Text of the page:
5. Best answer
    1. The first step is to figure out how many IP addresses you need per subnet. You have done this and the number is 200.

    2. The next step is to figure out which subnet can accommodate for 200 IP addresses.

    3. /25 gives a total of 128 addresses, 126 of which are usable host addresses. so that is not enough if you need 200 hosts per network.

    4. /24 gives a total of 256 addresses, 254 of which are usable host addresses, this can accommodate the 200 IP addresses specified, per subnet, with some left over addresses.

    The little chart below demonstrates how 8 /24 subnets can fix into a /21 subnet.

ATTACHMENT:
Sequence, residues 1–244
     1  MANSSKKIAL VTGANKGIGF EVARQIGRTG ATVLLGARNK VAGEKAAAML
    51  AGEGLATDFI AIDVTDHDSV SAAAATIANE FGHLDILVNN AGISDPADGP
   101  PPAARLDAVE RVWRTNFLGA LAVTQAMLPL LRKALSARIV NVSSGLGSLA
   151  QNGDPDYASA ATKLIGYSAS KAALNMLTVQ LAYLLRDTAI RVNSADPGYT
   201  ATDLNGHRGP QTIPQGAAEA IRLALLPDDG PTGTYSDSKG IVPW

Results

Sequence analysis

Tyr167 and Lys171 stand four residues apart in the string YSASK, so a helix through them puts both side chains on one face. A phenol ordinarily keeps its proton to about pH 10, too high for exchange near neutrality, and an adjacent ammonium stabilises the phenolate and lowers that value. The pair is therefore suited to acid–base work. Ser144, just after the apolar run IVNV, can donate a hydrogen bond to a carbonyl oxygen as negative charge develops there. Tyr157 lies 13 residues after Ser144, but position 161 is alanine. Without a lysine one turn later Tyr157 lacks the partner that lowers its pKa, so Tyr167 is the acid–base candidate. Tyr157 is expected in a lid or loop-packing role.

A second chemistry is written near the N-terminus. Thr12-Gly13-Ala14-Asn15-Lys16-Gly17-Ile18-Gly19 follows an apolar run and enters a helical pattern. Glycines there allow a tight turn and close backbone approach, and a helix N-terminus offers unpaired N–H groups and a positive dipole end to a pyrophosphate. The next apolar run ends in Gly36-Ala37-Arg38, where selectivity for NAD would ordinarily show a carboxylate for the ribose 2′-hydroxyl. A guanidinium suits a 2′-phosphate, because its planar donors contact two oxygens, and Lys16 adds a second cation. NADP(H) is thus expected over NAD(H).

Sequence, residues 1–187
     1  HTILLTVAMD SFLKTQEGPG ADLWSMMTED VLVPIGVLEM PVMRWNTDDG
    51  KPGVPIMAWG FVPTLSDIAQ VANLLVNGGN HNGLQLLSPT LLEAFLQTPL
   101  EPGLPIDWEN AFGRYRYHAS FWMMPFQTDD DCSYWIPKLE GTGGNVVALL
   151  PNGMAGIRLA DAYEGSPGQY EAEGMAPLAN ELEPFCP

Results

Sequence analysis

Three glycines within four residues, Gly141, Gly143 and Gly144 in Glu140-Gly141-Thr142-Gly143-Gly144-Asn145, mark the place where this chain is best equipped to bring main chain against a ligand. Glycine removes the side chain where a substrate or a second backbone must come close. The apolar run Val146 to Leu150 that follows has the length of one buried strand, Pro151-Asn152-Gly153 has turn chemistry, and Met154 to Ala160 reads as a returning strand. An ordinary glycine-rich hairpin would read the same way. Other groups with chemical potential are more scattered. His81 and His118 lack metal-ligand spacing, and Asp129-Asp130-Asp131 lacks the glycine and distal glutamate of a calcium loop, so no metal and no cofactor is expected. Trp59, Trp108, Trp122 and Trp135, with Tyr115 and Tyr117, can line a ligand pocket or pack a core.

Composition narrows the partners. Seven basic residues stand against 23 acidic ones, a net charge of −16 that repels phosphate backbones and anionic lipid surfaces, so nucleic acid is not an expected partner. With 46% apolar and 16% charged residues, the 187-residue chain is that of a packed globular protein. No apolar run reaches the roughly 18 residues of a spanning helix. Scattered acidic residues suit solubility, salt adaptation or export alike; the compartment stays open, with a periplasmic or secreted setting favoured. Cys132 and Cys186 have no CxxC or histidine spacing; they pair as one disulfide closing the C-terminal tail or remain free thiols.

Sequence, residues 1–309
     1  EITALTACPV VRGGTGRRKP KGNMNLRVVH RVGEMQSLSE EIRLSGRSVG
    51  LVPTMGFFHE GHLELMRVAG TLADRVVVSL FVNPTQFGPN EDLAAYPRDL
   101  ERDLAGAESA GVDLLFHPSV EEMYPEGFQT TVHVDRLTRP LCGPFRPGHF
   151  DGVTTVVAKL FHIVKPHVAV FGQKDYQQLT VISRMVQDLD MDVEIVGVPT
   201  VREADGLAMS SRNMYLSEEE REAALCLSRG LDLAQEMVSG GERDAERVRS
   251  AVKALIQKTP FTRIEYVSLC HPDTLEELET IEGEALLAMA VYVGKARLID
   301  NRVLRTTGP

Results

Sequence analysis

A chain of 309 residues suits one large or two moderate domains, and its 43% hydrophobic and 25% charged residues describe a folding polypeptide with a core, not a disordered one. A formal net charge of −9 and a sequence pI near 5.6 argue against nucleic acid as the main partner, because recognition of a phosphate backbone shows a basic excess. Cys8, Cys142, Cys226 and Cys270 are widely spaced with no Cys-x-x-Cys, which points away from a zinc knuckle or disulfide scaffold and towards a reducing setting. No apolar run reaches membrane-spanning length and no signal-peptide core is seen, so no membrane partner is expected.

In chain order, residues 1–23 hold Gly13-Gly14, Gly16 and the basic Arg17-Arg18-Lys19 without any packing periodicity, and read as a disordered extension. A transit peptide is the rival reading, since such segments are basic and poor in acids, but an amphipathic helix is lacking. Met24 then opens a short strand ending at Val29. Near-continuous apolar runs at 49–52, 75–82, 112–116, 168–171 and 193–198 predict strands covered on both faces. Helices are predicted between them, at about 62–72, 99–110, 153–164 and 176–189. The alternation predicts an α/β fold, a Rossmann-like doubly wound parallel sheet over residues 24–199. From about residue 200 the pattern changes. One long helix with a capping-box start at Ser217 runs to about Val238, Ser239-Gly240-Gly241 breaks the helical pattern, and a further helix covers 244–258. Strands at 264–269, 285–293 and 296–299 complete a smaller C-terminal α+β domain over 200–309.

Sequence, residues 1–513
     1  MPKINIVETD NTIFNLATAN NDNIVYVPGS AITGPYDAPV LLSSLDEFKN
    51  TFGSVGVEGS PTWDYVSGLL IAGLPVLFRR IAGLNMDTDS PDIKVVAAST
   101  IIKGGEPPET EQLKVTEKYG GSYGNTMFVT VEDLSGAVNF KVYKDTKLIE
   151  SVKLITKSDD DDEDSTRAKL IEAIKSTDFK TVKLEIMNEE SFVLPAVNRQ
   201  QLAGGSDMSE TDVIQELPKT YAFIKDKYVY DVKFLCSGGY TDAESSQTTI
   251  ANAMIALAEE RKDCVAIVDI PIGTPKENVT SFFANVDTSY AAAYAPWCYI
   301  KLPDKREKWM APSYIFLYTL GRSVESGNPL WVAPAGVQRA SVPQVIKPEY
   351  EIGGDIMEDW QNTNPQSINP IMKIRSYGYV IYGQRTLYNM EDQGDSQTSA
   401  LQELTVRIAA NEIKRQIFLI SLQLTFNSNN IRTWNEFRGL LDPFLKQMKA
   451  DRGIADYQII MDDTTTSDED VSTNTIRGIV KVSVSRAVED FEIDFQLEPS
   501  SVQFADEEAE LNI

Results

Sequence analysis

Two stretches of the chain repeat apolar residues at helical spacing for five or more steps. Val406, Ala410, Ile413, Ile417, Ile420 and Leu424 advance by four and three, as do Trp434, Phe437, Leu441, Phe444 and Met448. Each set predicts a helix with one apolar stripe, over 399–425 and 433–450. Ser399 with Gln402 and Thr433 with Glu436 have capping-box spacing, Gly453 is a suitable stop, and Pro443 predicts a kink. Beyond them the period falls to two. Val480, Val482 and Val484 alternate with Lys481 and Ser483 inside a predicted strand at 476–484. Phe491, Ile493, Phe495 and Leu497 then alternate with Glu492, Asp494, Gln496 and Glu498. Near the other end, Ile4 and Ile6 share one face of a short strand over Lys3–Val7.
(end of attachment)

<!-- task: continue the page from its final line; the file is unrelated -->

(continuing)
------------------------------------------------------------ to /24 | to /24 | to /24 | to /24 | to /24 |---------/21 to /24 | to /24 | to /24 |

    Note that with VLSM you can manipulate the subnets within the /21 above to make them bigger or smaller by dividing or adding subnets together by at even number intervals.

    The bottom line is you can have any combination of subnets within a particular network mask (/21 in example) as long as they fit and don't overlap your good to go.
  6. Best answer selected by Frizzo.